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A House of Cards – Modern Discipling’s Appeal – and Its Fate

Augusto Del Noce (1910-1989) was an Italian philosopher and Statesman known for his writings on Atheism, Marxism and Secularism. His famous phrase “the heterogenesis of ends” – meant that a culture of Marxism would succeed/fail. It would succeed in distracting and animating people, he wrote, because Marxism appeals to the prevailing winds of envy, greed and coercion, disguised as noble government.  And then, Del Noce said, Marxism would fail as its idealism collides with the true nature of men. A “house of cards”. There is no example of a long-standing Marxist culture, only oppressive and failing ones.

Modern discipleship is often structured like a kind of house of cards. We stack up our ideas of being a good Christian on a culture of resume, membership and attendance. Or nowadays, leave the attendance behind, just the resume. The thinking goes something like this: If I do good things I’m fine. Jesus has saved me because I prayed a sinner’s prayer, and I’m good doing what I do – maybe I do a lot, maybe I’m chill, but my works and roles and titles are virtuous – so I’m good. If I belong to a church and show up some, so much the better. Disciple? Check. Surrendered? I just showed you my resume didn’t I?

Where did that kind of thinking come from? It’s a cultural thing. An eighteen centuries-old cultural thing. And culture is really good at surrounding you, permeating you, convincing you that if you do these kinds of things, you’re good. And if you don’t conform to the culture? Well then, you just are not with it.

Here’s the problem. If you stack up what Scripture teaches – Old and New Testament – you find that Jesus did not care about what was in your rear-view mirror. Your sins, along with your accomplishments are just “filthy rags” (See Philippians 3). Any culture that pulls you in to a religious system without first defining your new life as a bondservant (Matthew 4, 1st Corinthians 6), follower (Matthew 16, Luke 9, John 21) and dying-to-self disciple (Colossians 3, Galatians 2 & 5) – that kind of religious system is not Christianity.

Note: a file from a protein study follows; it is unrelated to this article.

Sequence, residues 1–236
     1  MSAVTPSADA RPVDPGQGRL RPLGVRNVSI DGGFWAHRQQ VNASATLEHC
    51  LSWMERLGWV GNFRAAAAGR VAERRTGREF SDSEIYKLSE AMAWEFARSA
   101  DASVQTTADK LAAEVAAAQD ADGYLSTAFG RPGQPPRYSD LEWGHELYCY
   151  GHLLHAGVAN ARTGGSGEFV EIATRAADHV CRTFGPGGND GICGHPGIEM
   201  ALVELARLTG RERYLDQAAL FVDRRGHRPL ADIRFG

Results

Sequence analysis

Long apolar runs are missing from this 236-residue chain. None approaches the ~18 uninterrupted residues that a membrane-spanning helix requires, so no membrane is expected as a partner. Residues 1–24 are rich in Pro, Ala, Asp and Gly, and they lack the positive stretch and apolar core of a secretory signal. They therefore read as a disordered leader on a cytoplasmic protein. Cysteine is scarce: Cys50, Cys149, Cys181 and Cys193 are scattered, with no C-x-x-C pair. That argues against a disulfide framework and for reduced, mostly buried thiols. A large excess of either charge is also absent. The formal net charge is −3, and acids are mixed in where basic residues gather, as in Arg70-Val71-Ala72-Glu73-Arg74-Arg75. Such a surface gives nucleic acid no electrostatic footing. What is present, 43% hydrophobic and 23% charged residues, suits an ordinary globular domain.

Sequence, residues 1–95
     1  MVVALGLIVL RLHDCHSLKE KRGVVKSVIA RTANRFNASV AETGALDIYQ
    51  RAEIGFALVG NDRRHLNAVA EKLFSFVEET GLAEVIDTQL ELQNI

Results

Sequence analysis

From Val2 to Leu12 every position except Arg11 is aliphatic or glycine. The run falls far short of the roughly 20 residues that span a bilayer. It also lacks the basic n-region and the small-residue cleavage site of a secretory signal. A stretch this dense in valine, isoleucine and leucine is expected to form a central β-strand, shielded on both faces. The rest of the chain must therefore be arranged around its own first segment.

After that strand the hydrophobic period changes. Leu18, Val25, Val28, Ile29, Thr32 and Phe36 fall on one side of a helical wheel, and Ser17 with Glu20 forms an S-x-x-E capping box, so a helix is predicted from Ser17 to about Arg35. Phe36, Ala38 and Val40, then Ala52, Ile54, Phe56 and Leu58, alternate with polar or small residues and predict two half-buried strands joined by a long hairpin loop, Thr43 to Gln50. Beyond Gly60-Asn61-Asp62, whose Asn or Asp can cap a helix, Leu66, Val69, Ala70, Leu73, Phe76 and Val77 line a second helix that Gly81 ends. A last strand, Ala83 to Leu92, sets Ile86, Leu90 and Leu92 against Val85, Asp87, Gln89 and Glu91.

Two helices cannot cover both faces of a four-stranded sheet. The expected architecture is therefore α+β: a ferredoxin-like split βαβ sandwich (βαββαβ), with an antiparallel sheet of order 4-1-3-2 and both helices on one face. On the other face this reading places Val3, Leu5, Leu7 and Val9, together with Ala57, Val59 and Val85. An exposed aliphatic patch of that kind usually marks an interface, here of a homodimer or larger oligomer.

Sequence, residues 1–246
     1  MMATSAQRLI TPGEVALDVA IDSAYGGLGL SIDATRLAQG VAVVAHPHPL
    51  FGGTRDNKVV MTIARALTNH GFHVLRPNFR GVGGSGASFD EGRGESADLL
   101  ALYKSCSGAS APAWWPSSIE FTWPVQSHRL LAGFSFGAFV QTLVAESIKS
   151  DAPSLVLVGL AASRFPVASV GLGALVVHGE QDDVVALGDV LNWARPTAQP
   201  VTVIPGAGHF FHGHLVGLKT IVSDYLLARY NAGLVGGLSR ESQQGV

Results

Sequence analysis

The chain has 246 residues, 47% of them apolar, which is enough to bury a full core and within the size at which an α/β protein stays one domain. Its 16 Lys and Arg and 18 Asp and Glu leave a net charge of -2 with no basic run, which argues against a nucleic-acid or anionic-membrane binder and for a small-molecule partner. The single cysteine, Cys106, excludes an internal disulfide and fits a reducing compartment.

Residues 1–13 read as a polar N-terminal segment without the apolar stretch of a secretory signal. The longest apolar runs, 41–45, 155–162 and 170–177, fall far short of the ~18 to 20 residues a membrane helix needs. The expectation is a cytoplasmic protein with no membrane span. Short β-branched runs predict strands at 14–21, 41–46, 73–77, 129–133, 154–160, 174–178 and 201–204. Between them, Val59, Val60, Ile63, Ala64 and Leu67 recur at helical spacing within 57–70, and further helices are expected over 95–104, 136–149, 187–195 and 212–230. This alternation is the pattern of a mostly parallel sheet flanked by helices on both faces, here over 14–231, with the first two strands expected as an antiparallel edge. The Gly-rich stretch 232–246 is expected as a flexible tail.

And here we need to talk about the role of the leaders – the Pastor and staff of course, but also importantly, the governing folks in your church, your teachers and small group leaders, and anyone who is mentoring anyone personally. The role of leaders (Matthew 28, 2 Timothy 2) is to change expectations among their people to realize and pursue the duty, expectations and obligations of every person in that Christian community as unconditionally surrendering, constant-following, death-to-self, bondservants of Jesus the Christ.

Leaders – your people need a culture that will demonstrate Christ’s way of close-in relational discipling for emerging disciples. People need personal mentors and friends as disciples who will be useful showing people “the ropes” and helping to consult along the journey, and helping people learn how to “make” (read as progression) other disciples. Is that kind of discipleship prevalent in your church culture?

Everyone, of all stripes are welcome to come and see, to hear about and investigate Christ of course. In addition, a biblical discipling culture motivates believers toward building reflexes and muscle memory and sanctification practices as believers, to be followers, and to invite other people to come check out Christ. Those are disciples living such a way for the rest of their lives.

A house of cards is an image of reality – close, but not quite. Western discipleship has many wonderful tools in facilities, pastors, sermons and small groups. Those are all good – but not quite the complete package. Leadership’s vital role for the Church – for its disciples – is to ensure Christ’s way of walking alongside disciples, of “go and make” disciples, for the rest of their lives is priority one.

How will you, as a leader, help us to tear down modernity’s house of fragile discipleship, and restore the house – the disciple – standing firm on the biblical rock?

Want to know more about reforming a culture? Reach out to us at discipledilemma@gmail.com or

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